Life is full of triggers. I can’t always predict when something will happen that will spark sensory memories or casual remarks or images can send me into a spiral of teenage insecurity. Most people deal with those as best they can. Of course, some have better coping mechanisms than others, but perhaps that’s what Life is trying to teach us.
Imagine my surprise when my friend Nemo Flagrank brought the New York Times article called “Literary Canons Could Make Students Squirm” to my attention. Apparently, some students are requesting that academic institutions, as a matter of policy, put disclaimers on class material that might be graphic or otherwise difficult to watch, read about, or listen to. Images that might trigger their sadness, frustration or insecurity.
On the surface, that seems a reasonable request, but in a political environment that has pitted Progressives against Regressives, it shelters a very steep slippery slope. Too easily, “trigger warnings” can be interpreted as get-out-of-class-free cards or, worse, a portent of curriculum censorship.
Too many boomers are mourning the loss of portions of our childhood which were sublime and healthy: safe streets, long, clear-aired summers, curricula unfettered by financial concerns, and, for many of us, reasonable teachers. The problem is not everyone experienced those tastes of utopia. It was a world of open racism that rebounded in years of anger and violence. Years that introduced “Political Correctness,” a good concept, flawed in practice. Awareness of others’ feelings can be very healing; seeing hateful intent everywhere can be very harmful.
For example, Mark Twain’s Huckleberry Finn has been criticized and, in some places expurgated, for his “White Man’s” portrayal of the Slave Jim and other people of color. During the era of first change in mid-1900 America, this view was a painful reminder not just of the introduction of slaves to the US and the indignation the slaves suffered, but of the obstacles minorities still faced. However, Mark Twain considered slavery an abomination. He wrote extensively, in essay and fiction, about human rights.
In 2014, it’s still not easy for minorities who endure the evils born of hate, and here, regardless of laws passed to equalize the playing field not only for minorities in general, but for women as well. Despite the positive changes to our still-flawed society, reminders of where we started both as communities and individuals, can be painful, triggering emotions we’d rather not feel. Is it any less painful to have lived in an abusive household than to have tried to live in a community that made no place for you? I don’t know. I doubt there’s even any answer.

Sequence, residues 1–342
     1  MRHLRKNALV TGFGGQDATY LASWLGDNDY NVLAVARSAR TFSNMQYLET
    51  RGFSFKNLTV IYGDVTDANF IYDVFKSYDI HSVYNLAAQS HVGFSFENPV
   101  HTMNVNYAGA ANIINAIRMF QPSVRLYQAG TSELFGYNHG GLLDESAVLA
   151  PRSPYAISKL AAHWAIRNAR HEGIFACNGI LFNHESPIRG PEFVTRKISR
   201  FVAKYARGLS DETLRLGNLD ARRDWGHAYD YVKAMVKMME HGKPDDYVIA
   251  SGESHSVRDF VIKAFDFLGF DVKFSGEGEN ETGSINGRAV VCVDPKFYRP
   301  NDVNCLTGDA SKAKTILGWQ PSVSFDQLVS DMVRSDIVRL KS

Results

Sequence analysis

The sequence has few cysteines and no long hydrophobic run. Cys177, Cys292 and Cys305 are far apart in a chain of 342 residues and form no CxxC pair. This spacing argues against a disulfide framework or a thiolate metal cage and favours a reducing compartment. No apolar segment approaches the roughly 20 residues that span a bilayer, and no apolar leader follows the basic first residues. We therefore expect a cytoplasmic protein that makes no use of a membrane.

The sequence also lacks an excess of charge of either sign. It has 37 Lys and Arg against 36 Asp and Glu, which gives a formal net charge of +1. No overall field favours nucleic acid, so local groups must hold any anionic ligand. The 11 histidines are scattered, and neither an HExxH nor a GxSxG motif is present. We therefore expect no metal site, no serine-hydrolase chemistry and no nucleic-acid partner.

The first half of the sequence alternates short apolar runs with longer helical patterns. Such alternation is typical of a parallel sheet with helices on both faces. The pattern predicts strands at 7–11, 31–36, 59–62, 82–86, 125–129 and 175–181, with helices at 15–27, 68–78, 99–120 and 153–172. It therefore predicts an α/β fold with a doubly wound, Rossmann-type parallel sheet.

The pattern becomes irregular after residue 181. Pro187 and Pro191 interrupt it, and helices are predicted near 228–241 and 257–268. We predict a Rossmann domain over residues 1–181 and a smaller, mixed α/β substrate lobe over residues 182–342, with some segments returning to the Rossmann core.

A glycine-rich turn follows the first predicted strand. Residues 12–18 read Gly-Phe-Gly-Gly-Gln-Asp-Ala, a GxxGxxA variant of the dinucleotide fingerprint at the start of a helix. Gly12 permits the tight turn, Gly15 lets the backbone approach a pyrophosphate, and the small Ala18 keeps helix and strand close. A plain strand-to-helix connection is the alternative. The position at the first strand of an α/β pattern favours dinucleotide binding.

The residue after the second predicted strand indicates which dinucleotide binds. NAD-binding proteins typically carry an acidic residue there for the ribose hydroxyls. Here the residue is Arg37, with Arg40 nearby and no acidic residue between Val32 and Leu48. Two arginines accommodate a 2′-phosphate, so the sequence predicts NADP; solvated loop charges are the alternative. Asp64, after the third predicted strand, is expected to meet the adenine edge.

As I read “Literary Canons Could Make Students Squirm” I was reminded of a movie with Joan Crawford called “Goodbye My Fancy” (1951.) In it, Crawford plays a congresswoman invited back to the “all-girl” college from which she’d been expelled to make the commencement address and show a film she’s commissioned about state-sponsored bullies. The atmosphere on that campus is very much at odds with what’s happening on real campuses today. In the film, the college board has been systematically stripping the curriculum of anything that might make the female students think (“a dangerous activity for any female”) or feel unsafe in the world (they will, after all, have husbands to protect them.) Yet the students take issue with that process. Crawford’s character remembers the compliant college president as a young, spirited professor who excoriated what he called the “educaterers,” the very people to whom he is bending in his post-war academic community.
What a difference 60 years make. When educating females beyond high school was still a privilege rather than a right, I suppose women students had to be more intrepid. They were the pioneers rather than the propagandized. Today’s children are bombarded with messages that education, sports, and show business are the only roads out of poverty or familial prisons, and there is certainly truth in those messages.
Even if it were possible to be “safe” from the unexpected, what a boring, and possibly unfulfilling life that would be. Hiding from negative emotion may or may not prevent further hurt. Even if it does, that level of openness would also protect those who hide from the positive experiences that could, bit by bit, overcome the negatives.
No disrespect to the students who’ve asked for warnings, but Life is full of triggers and I was told college was meant to help prepare you to live in the practical world. Sometimes it does. Sometimes it doesn’t. Either way, cringing from what the literature may reflect strengthens neither our resolve nor the mechanisms we could building to help us face Life.